May 14, 2017

A new type of bacteria has been discovered in the past few years and it has scared the international community more than any other recent health discovery of the past decade. These families of bacteria have evolved during our lifetimes and can now be relatively immune to antibiotics that we commonly use to cure and deal with infections.

These superbugs, greatly deserving of their new nickname, are growing in numbers and leaving clinicians out of options as they currently kill an average of 700,000 people every year. This number is expected to multiply exponentially and reach 10 million deaths per year according to experts if these bacteria are left unchecked and if the solution is left in the hands of the current market model.

Marie-Paule Kieny, A high ranking World Health Organization officer said that if left to market forces alone, the new antibiotics needed to fight these bacteria will never be developed in time. Along with a growing number of influential people in the international health community, Kieny is alluding to an increasingly urgent need for international communities and governments to come together and eventually change the current system that doesn’t incentivize pharmaceutical companies to research and develop antibiotics, since they are only used by patients for a short period and therefore won’t bring in as many profits.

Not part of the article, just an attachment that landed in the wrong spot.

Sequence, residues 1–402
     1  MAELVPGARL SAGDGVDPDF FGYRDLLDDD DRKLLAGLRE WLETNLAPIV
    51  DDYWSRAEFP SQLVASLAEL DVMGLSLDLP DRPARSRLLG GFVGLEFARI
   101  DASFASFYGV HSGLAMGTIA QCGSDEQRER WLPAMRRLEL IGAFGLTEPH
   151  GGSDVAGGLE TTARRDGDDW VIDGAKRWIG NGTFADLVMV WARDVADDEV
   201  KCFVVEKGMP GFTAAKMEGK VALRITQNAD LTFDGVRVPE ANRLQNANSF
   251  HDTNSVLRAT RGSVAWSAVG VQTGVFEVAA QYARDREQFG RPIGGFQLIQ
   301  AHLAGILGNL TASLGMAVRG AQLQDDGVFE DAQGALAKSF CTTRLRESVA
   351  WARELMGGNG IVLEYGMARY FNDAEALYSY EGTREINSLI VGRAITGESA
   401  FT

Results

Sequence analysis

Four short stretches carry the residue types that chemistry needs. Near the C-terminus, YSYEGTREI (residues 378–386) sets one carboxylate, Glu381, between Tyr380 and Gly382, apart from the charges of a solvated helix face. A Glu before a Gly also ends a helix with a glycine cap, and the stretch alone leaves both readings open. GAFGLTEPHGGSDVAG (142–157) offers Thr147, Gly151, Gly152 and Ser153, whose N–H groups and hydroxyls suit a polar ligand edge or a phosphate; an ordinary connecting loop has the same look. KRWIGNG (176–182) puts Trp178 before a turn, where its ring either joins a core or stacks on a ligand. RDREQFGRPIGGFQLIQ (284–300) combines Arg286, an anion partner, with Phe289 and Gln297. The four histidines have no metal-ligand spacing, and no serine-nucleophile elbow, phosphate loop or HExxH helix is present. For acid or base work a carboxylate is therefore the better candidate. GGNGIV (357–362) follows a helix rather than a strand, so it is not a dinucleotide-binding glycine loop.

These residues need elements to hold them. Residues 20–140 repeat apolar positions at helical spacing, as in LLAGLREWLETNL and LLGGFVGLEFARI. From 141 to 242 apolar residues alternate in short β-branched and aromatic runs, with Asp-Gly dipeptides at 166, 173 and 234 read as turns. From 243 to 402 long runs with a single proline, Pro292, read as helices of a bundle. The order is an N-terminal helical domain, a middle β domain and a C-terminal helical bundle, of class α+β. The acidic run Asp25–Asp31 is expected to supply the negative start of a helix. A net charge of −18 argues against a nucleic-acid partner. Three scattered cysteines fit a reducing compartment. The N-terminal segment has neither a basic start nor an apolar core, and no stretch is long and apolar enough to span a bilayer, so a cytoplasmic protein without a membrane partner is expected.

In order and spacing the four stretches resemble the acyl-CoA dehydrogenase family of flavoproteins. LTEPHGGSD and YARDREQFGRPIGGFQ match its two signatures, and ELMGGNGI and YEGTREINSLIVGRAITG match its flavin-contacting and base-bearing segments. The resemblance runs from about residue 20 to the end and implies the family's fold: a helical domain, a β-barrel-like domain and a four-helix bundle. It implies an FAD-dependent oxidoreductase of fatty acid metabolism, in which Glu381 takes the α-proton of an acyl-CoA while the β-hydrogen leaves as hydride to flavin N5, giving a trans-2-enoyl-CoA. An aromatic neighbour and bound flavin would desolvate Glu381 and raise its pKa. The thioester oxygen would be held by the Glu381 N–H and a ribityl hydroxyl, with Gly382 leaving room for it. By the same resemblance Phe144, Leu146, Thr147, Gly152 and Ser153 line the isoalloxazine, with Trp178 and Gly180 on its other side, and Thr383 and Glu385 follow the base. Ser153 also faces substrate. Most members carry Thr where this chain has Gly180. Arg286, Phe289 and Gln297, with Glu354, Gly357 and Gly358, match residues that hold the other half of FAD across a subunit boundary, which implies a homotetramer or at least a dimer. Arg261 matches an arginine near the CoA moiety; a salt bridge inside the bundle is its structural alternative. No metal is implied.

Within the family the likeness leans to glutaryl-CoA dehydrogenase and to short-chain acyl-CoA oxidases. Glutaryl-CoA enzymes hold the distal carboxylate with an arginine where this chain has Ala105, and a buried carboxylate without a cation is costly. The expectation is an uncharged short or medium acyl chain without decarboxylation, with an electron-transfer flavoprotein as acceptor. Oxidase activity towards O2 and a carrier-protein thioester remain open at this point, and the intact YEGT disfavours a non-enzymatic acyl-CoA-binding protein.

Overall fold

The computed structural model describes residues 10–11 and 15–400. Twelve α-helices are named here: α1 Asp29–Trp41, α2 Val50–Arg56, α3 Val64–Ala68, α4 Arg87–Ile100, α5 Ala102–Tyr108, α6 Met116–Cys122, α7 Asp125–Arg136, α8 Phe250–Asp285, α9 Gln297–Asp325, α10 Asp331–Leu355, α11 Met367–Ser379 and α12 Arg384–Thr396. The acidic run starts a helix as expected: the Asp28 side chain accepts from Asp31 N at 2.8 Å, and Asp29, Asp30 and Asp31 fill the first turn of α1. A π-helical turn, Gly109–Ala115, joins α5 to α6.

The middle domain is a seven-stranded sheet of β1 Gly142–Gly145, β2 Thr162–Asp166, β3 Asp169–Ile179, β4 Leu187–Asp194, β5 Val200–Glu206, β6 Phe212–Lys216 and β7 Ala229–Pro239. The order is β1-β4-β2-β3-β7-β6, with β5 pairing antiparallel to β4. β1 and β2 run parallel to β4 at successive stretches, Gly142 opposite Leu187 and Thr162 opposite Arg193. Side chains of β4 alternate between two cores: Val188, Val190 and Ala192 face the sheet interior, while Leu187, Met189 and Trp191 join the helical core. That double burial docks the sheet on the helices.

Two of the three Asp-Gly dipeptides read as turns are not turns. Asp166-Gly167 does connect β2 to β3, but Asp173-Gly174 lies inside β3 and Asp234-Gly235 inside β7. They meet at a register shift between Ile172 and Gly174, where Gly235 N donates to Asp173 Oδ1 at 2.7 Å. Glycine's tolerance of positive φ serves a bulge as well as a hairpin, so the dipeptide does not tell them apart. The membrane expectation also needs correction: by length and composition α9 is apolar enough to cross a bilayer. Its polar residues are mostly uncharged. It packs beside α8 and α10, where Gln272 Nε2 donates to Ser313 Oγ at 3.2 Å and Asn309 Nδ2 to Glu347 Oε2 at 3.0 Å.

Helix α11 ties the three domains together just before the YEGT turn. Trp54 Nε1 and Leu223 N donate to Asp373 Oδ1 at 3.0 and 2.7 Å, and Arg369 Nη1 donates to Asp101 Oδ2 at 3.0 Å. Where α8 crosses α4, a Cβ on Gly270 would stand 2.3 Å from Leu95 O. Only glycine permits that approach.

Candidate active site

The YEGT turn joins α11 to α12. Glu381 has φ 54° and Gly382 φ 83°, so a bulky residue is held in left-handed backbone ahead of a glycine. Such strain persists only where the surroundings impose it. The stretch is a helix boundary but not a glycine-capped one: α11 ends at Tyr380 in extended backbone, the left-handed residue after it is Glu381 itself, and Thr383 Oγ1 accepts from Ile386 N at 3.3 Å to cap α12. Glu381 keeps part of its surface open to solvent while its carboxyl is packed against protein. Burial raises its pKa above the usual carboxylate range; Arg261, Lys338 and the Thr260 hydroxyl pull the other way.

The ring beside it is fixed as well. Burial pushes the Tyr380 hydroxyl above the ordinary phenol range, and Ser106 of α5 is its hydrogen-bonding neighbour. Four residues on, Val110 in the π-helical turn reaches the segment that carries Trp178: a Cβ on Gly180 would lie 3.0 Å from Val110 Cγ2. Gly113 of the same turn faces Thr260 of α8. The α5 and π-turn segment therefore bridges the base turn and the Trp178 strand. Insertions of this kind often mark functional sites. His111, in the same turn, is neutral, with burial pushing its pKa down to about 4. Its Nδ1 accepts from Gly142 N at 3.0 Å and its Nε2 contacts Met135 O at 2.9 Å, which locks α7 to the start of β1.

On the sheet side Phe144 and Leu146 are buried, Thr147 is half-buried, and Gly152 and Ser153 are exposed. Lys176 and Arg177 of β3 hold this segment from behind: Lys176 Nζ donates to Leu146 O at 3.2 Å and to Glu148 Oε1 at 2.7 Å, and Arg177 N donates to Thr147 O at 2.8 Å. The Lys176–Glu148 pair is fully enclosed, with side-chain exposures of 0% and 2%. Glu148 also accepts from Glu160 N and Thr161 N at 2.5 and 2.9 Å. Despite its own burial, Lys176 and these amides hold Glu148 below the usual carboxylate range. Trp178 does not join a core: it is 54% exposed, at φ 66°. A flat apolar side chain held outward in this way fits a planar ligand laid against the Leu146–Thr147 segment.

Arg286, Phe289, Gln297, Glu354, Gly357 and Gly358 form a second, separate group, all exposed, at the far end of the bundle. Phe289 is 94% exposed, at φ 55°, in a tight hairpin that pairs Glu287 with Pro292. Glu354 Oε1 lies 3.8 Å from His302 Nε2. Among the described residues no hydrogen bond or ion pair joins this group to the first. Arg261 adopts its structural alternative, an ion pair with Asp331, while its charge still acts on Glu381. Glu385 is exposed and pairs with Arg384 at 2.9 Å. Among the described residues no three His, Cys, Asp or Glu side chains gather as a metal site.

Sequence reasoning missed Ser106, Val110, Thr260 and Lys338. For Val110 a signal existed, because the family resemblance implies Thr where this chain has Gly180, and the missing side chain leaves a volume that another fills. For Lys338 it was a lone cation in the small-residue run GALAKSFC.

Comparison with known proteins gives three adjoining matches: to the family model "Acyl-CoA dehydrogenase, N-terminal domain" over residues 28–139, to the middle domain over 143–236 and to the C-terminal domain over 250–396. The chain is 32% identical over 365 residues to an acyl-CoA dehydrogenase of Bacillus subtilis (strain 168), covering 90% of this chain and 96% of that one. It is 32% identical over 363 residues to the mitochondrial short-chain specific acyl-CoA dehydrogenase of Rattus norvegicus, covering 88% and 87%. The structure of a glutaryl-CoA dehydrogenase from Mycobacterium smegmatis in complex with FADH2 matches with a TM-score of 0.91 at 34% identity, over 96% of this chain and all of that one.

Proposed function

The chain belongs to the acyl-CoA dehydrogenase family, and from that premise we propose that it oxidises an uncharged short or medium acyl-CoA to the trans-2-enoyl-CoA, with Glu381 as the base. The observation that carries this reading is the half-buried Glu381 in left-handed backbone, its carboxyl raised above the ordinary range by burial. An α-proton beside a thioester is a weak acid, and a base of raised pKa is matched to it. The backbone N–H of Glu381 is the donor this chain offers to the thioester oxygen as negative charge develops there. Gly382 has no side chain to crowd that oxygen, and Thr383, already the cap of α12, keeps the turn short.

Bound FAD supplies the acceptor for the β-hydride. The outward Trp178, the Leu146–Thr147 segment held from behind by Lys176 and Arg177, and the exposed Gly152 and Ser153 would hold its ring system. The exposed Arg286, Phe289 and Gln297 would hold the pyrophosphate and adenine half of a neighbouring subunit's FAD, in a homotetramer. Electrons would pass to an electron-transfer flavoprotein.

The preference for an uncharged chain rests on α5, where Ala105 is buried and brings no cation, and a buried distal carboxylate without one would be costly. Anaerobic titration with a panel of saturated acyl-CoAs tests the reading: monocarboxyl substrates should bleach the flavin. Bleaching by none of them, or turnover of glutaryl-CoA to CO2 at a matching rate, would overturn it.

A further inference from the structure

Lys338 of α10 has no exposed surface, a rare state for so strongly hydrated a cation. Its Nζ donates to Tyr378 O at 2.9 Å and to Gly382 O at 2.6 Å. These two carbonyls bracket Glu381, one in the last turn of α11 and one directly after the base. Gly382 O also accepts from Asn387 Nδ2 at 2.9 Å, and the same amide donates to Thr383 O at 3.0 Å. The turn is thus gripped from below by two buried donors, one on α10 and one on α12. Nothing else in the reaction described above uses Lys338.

The WHO released the list of the 12 deadliest superbugs, but wants to emphasize to the public that this is not a call to panic but rather a pressing invitation to the pharmaceutical and scientific communities to shift their priorities and focus a bit more on this new threat. The bacteria are divided into three categories based on how urgently they need to be dealt with. These are respectively : Critical, High and Medium.

Below is an excerpt of the list, the full list can be found on the WHO’s website

Priority 1: CRITICAL

  • 1. Acinetobacter baumannii

Priority 2: HIGH

  1. 1. Enterococcus faecium
  2. 2. Staphylococcus aureus

Priority 3: MEDIUM

  • 1. Streptococcus pneumoniae